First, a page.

It’s official – at my young middle-aged years, I now drive like an old lady. Not that there’s anything wrong with that. And not that we’re stereotyping.
The thing is, you probably do too – drive like old folks that is. At least in the eyes of Spanish drivers. You see, I’m now working on getting a Spanish driver’s license. I was dreading it because I thought all the tests had to be done on cars with manual gearshifts, which are much more common than automatics here. I do not drive stick shifts. I have no interest in driving stick shifts. Stick shifts can take their sticks and…you get the idea.
But, the right driving school teacher finally shared the secret: There’s another license available, where you’re tested on a car with an automatic gearshift (i.e., normal). Your license restricts you to just driving automatics, but as you can probably tell, that doesn’t bother me. A few years ago, the law was changed so anyone could get this special license, not just people with a medical need. Great, says I, you don’t need to be disabled? Oh no, says the instructor, a lot of older people get it – not young people, they get a regular license – but the elderly who might have trouble with gears.
So, quite happy to aim for a senior citizen license (not its official name), or as I like to think of it, the American special, I plunged into reading that dense work of fiction (oh sure, double parking is illegal) that you might also have read in another form: the driver’s manual. A couple of moms at school noticed I was toting it around, and one was surprised that my U.S. license can’t be simply validated and exchanged directly for a Spanish one, as most European and some other countries’ licenses can be here.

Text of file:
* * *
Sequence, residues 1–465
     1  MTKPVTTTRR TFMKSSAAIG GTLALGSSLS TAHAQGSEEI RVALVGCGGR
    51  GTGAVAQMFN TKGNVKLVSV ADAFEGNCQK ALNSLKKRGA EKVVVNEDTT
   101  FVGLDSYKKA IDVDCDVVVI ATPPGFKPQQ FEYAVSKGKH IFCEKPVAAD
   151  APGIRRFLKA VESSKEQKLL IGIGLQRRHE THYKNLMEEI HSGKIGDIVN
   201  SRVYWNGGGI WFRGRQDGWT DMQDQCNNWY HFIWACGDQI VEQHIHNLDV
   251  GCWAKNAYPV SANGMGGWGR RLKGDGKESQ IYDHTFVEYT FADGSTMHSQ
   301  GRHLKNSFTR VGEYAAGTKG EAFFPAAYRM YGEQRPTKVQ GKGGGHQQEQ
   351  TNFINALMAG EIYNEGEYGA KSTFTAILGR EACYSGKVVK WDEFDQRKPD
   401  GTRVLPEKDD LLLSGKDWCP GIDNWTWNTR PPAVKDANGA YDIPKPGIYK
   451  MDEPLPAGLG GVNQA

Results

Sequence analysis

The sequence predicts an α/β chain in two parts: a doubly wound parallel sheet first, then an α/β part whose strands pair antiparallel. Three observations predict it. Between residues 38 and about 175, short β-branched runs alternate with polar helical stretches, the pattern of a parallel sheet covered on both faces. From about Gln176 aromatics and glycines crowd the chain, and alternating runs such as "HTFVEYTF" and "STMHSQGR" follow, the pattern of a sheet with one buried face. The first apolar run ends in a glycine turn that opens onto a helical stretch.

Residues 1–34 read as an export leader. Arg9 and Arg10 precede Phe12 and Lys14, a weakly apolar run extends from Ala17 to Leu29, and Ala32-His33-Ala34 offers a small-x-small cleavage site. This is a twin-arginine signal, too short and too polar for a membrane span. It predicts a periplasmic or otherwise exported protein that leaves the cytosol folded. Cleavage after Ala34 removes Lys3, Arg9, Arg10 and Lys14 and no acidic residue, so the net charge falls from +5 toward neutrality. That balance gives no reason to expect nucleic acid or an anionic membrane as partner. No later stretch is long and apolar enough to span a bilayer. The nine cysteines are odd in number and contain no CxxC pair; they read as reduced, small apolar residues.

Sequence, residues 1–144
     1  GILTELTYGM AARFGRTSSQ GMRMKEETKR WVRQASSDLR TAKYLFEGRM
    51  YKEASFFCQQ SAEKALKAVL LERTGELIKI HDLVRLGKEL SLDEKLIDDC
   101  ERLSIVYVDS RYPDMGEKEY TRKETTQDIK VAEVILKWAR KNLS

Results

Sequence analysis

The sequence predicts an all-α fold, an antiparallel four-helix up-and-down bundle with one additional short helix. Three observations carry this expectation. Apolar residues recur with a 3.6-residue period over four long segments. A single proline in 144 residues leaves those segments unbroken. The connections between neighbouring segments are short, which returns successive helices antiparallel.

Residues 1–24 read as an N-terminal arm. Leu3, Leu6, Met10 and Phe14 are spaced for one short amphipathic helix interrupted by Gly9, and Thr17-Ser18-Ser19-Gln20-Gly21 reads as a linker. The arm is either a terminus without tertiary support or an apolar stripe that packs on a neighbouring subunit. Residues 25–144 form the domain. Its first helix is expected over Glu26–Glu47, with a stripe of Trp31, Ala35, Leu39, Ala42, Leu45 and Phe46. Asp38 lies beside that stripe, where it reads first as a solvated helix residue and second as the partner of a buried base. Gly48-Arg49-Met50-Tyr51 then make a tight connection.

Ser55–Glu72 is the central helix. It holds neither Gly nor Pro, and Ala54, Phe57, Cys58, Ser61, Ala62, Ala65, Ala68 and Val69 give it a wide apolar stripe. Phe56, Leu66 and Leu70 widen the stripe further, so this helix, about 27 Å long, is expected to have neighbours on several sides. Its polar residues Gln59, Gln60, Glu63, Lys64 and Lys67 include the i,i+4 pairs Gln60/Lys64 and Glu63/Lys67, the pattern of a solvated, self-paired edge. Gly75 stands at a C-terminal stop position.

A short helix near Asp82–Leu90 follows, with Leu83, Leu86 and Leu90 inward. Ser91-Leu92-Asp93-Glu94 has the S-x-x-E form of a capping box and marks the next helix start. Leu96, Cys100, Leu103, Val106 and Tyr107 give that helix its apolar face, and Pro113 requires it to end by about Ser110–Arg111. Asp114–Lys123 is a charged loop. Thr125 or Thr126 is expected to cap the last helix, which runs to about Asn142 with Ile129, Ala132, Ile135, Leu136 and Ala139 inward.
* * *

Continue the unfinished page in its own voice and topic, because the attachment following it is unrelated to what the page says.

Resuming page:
Sure, laughed the other, it’s because you don’t need to do anything for a U.S. license. Compared with the hoops you have to go through for a license here, the written and driving tests of U.S. states are seen as…er…cinchy. Personally, I think they’re just differently focused. From the Spanish manual, what are the rules for the number, color and location of every single light on a truck, versus the important fact of knowing you´re driving a “two-ton death machine,” my favorite line leftover from high school driver’s ed.
Careful, the second mom said about the Spanish written test, they give you trick questions. Don’t worry, everybody has to take it more than once, said another mom, meaning the written and driving portions.
So now I’m wondering if I shouldn’t go to the driving test dressed up with a kind of babushka granny head scarf and some artful stage makeup (it wouldn’t take that much), and try to snag some extra points out of sympathy for the elderly.